Wednesday, September 22, 2010
Rewind a few years- we're taking the way back machine all the way to 1992! Lauby had already introduced me to Battletech, the year prior, and most of my friends were becoming pretty well versed in the game. Even if we were lacking the the strategy department, we had a pretty good grasp on the rules system. I had also been playing, and if memory serves, was about to stop playing Magic (which I would, much like Warhammer, resume some 14 years later, pissed that I had sold my shit). So, to some extent when I picked up my first copy of the Warhammer Fantasy Battle 4th edition, I was pretty comfortable with wargamming rules. Reading the rules leaflet in full, since GW didn't provide any type of quick start guide, wasn't really a problem for me, as I was already comfortable with the basic concepts, jargon, and abstractions necessary for gaming. This is good because I was buying my stuff from a hobby shop that didn't have a clue what these games were. They knew a lot about model planes and trains, but only seemed to carry the games because there was a small market for them. These were not people who could help me learn to play.
On the hobby side of things, I'd been building model planes and tanks with my dad for quite a while, him being a model railroad enthusiast for 30+ years at that point, with 2 basement sized layouts of N-scale and Lionel trains. For me, the transition to assembling wargames minis was pretty easy. When I got the 4th edition goblins and High Elves home, I new how to trim them, assemble them, and prime them. They didn't give me any real problems, other than repeatedly impaling my knuckles on goblin spear points while moving units around. My dad was even a great resource for terrain building (something a lot of advanced players still suck dick at). Having been featured in N-scale and Model Railroad magazine several times for his layouts, he was always a good source of information for scratch building terrain. Granted, I've had to unlearn some techniques that work for railroad, but not for gaming (such as using plaster of Paris over Styrofoam for hills), but I at least had a resource for the basics. At that time very few people had use of the Internet and there would have been very little, if any, information available to help me out. White Dwarf would publish the occasional article and a few years later GW would publish a terrain building book that I still reference today. Other than that, getting expensive modeling books were the only recourse for the hobby enthusiast.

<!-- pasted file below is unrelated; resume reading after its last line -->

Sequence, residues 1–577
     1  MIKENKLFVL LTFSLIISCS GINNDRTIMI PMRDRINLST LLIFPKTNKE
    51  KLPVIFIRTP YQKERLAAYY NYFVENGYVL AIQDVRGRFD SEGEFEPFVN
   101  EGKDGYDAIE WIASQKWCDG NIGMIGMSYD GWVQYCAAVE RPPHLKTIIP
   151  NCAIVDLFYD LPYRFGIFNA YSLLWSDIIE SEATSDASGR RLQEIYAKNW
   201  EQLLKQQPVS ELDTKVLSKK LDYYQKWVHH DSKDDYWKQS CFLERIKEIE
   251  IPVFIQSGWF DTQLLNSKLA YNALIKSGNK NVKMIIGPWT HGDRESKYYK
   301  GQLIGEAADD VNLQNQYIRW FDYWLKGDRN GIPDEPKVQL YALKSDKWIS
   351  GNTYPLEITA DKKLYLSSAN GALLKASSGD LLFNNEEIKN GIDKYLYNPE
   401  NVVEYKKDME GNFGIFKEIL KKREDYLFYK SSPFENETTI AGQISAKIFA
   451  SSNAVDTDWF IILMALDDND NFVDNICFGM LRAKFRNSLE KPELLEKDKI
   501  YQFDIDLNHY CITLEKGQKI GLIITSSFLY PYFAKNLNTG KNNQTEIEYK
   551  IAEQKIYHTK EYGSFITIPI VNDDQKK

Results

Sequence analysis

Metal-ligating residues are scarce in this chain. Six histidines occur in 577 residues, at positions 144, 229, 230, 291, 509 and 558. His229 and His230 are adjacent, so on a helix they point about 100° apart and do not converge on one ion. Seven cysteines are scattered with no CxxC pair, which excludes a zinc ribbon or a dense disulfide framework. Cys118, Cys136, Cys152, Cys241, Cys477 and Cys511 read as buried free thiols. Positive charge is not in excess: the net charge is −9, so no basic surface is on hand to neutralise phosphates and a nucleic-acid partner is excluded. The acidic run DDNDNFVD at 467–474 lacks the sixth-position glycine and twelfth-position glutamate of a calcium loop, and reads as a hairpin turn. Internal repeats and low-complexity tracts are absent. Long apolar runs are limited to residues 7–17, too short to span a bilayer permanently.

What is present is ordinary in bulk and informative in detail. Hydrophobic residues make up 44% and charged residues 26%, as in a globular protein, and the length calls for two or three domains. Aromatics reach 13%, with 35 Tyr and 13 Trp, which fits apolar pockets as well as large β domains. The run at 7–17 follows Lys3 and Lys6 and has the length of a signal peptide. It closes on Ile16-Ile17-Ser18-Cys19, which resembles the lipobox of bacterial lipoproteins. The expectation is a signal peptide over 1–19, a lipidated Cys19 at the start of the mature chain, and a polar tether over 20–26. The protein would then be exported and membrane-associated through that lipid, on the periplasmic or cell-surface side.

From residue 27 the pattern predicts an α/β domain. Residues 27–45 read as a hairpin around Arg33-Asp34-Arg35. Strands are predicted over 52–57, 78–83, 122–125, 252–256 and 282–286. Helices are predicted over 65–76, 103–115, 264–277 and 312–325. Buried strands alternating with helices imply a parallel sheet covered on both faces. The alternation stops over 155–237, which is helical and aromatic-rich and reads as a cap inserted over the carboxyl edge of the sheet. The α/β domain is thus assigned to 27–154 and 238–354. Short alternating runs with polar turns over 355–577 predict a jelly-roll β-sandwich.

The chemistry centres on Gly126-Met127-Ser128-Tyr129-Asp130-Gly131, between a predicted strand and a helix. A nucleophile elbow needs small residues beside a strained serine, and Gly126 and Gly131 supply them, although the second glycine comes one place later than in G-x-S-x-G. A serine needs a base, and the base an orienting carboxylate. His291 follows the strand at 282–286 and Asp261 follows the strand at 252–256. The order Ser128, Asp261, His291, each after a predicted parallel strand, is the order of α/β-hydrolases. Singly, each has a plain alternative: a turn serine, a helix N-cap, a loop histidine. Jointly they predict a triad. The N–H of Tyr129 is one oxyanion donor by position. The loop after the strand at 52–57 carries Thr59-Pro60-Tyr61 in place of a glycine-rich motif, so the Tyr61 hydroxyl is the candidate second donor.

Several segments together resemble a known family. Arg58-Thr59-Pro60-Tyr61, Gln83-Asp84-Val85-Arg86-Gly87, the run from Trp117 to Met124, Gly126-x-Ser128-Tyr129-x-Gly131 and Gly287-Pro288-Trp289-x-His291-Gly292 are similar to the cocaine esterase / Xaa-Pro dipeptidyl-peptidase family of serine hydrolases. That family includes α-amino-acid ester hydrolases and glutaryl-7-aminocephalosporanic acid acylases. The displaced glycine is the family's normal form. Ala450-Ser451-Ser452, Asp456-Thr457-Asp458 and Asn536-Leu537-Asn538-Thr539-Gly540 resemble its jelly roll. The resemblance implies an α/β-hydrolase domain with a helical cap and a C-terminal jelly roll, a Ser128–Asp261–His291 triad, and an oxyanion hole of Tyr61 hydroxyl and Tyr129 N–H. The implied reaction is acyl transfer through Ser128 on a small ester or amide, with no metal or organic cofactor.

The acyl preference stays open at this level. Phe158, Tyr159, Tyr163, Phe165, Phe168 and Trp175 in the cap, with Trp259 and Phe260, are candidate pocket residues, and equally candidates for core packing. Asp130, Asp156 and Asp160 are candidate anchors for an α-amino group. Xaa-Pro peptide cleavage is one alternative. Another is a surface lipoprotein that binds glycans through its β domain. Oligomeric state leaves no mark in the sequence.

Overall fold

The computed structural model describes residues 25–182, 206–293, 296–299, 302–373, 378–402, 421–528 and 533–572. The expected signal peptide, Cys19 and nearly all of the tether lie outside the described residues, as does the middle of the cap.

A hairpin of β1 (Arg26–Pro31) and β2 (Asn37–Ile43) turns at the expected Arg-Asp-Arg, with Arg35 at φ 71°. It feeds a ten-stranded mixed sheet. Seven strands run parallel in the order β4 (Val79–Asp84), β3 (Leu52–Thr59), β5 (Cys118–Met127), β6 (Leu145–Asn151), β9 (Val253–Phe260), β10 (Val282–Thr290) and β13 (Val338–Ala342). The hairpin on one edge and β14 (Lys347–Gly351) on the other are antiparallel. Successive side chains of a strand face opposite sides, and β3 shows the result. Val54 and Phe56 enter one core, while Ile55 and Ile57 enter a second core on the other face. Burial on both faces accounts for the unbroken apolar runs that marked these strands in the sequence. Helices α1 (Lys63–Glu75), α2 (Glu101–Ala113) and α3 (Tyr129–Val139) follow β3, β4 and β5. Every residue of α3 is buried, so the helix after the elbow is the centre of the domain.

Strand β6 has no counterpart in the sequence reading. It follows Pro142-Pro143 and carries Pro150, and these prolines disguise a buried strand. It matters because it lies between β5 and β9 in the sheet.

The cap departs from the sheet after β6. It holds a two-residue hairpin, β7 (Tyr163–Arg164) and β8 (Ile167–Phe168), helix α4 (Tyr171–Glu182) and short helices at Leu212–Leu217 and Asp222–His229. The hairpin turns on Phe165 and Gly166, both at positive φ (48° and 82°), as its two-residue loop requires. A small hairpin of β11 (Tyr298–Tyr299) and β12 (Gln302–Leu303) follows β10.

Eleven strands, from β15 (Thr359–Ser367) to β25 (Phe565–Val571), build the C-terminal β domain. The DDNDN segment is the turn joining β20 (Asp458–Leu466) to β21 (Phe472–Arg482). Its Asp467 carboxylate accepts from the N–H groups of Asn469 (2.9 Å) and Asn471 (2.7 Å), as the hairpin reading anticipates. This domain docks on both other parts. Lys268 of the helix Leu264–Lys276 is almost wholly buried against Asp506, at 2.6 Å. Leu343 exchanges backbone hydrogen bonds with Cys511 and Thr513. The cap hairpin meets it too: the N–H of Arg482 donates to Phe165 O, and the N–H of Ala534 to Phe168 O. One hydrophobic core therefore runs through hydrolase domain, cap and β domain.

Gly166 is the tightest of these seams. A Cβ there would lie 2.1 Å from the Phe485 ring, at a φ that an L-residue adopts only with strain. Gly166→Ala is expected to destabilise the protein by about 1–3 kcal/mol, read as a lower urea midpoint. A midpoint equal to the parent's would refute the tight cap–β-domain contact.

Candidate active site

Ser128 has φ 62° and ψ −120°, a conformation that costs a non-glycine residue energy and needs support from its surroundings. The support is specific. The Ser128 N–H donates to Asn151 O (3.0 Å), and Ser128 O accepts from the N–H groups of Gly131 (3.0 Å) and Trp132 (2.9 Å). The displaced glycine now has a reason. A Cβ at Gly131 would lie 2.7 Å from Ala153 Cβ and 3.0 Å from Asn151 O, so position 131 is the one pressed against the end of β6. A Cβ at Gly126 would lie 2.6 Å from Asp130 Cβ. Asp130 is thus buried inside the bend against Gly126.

Painting those models was another thing entirely for me. Here, I had little help. My dad's techniques barely applied to minis, WD's articles were useless, and my best friend Lauby could paint me under the table, but couldn't fully articulate what he was doing differently. I would later come to understand that shading and highlighting were missing from my life- along with a truckload of other techniques both basic and advanced. Again without the help of the Internet and with no books of note published on the subject, I was fucked. Years later, I feel like I'm finally becoming a competent painter, but only after painful hours of practice and more reading on the subject than I'm comfortable admitting.
That covers the subject of how I got my start in Warhammer in fairly exhaustive detail. I have always counted myself lucky that I had a number of good resources back then to help me out, from friends to family, because god knows stores and GW weren't doing us any favors. I can't even imagine how awful it must have been for other people, not in my situation, to start out. If you've never put together a model, assembly of miniatures would be a pain in the ass. Without friends and family to help you out, there were almost no resources available to teach you painting, modeling, terrain making, or even how to get started with the rules. It was dark days for the gamer back then.
Next time I'll discuss how things have changed mostly for the better, but GW still seems to hold their customers in contempt. Stay tuned for part 2, where I will unleash a very difficult to explain animosity that I have towards the IoB boxed set.
Until then, how did you guys get into the hobby? Did you have a mentor? Are you all way younger than me?